Is it Possible to Be President and Not Lie to Americans?

Who's a liar, liar pants-on-fire? Neither candidate apparently, according to answers given to Katie Couric as part of her "Presidential Questions" series. Couric asked last night, "Describe a situation when you think it's appropriate to lie to the American people." Here's what the candidates had to say:

Obama said of his truthiness policy, "You can put together a hypothetical where there is a national security emergency that is imminent, and you don't want to provide, for example, the location of our troops. You don't have to lie in those situations, you simply say, 'we're not answering questions.' I don't think it's appropriate to lie." He goes on to say he wants to change the "fudging" and the soft lies culture in Washington. Do you think the above description counts in this category?

McCain says he can't think of any real or logical scenario where he would feel compelled to lie to the American people, and when probed on the national security hypothetical, he says, "But if you deceive the American people and you want their support and you want them to beat back this national security challenge and you don't tell them the truth about it, then I think they become disillusioned. That's happened in the past." Hmm. I wonder how far "past?" It sounds so familiar. . .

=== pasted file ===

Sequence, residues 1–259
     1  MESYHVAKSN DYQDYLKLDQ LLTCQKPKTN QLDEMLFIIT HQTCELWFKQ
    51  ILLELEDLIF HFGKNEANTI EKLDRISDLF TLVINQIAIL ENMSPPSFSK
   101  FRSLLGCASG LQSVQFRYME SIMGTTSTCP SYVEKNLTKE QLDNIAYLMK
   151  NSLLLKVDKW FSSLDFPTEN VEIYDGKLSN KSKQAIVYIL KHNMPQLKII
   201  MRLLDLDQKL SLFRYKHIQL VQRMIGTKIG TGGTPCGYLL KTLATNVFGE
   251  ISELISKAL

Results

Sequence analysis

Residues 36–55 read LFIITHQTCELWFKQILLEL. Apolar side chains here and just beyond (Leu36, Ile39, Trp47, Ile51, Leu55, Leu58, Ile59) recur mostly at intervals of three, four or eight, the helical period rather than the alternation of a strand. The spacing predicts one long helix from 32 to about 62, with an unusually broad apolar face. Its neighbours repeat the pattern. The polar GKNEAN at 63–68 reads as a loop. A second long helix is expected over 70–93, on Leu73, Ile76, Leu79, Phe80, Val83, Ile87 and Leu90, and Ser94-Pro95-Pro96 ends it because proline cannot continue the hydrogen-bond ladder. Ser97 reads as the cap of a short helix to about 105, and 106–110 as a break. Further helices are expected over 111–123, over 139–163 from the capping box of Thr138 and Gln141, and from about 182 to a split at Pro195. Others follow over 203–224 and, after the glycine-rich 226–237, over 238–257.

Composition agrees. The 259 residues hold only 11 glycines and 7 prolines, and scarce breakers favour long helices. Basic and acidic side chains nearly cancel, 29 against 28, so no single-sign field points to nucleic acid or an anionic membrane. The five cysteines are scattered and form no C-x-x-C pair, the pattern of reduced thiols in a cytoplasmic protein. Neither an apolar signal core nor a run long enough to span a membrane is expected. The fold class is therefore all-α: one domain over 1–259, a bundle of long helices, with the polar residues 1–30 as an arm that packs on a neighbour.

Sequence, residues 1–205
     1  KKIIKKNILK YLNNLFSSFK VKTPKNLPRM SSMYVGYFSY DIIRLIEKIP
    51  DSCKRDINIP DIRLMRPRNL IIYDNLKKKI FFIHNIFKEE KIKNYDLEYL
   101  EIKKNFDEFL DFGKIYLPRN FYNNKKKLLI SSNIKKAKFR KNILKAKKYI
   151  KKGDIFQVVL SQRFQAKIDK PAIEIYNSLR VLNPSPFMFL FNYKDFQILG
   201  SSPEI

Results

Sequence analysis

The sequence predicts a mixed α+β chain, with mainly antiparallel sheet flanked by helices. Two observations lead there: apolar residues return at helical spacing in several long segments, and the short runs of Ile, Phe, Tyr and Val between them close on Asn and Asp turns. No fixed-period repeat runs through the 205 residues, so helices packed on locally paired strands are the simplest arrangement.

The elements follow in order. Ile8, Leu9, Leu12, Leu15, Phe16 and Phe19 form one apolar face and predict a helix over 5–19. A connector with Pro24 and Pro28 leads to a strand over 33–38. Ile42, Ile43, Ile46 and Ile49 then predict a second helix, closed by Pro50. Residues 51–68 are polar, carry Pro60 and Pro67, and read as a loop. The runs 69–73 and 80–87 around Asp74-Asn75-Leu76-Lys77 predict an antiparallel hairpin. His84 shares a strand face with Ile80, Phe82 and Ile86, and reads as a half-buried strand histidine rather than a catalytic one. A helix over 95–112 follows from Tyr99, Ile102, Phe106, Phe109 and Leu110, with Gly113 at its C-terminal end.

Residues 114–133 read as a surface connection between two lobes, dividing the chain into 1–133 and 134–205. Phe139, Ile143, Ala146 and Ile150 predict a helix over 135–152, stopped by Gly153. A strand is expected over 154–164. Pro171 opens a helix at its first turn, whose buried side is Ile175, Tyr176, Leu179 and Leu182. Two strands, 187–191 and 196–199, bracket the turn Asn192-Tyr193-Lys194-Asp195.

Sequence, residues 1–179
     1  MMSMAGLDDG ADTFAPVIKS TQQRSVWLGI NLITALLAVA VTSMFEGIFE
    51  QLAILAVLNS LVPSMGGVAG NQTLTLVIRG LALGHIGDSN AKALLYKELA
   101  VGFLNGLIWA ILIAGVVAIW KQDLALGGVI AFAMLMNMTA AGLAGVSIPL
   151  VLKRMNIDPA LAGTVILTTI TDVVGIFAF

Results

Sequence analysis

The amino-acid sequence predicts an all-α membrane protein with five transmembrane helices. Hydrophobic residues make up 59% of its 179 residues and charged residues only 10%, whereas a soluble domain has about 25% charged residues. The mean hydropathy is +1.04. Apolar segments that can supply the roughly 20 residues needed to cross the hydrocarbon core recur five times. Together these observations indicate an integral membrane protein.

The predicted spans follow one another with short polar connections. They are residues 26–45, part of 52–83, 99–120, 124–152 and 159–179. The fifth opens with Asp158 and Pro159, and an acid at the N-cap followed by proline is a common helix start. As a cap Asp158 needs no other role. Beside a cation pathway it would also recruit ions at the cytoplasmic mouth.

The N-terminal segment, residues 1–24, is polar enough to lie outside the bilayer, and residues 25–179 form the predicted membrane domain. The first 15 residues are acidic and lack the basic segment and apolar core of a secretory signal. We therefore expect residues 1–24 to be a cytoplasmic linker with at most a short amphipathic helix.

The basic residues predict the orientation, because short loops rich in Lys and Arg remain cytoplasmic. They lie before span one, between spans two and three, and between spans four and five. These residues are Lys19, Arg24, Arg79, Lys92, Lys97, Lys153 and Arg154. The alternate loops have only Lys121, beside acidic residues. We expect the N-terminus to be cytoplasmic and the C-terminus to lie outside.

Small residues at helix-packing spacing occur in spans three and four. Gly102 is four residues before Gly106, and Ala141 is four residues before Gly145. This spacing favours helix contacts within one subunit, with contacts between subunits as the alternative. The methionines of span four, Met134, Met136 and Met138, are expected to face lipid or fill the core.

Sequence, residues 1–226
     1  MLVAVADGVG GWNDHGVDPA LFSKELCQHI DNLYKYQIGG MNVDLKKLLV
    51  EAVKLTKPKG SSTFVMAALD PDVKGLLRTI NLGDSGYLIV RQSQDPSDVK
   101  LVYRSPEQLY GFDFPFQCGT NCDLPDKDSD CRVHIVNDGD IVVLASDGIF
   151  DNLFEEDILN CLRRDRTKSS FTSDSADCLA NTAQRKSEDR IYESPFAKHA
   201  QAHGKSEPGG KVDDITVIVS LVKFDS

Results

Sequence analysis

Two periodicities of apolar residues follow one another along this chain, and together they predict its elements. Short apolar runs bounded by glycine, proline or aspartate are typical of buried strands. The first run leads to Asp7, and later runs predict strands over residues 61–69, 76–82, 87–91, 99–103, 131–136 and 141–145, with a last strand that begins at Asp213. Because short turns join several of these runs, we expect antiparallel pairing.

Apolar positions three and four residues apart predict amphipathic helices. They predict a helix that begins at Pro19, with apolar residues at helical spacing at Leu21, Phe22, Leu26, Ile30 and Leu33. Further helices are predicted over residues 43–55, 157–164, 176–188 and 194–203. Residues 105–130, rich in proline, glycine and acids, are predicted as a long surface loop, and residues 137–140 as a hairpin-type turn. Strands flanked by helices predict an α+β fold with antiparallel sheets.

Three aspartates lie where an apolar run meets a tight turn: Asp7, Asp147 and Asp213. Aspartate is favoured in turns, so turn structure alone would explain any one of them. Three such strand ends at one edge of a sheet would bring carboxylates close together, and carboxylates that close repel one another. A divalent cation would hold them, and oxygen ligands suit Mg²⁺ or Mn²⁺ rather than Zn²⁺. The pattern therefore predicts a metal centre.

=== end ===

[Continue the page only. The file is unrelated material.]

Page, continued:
The segment did reveal one critical detail — to see what it is, read more.

The follow up question is about movies, and the candidates do have one crucial thing in common: their favorite movies both star Marlon Brando. Want to see Obama do a Marlon Brando impersonation? Check out 4:24.

Both candidates seemed firm on their respective "no fibbing" policies — but do you buy it? Do you think it's possible to be president and not stretch the truth?

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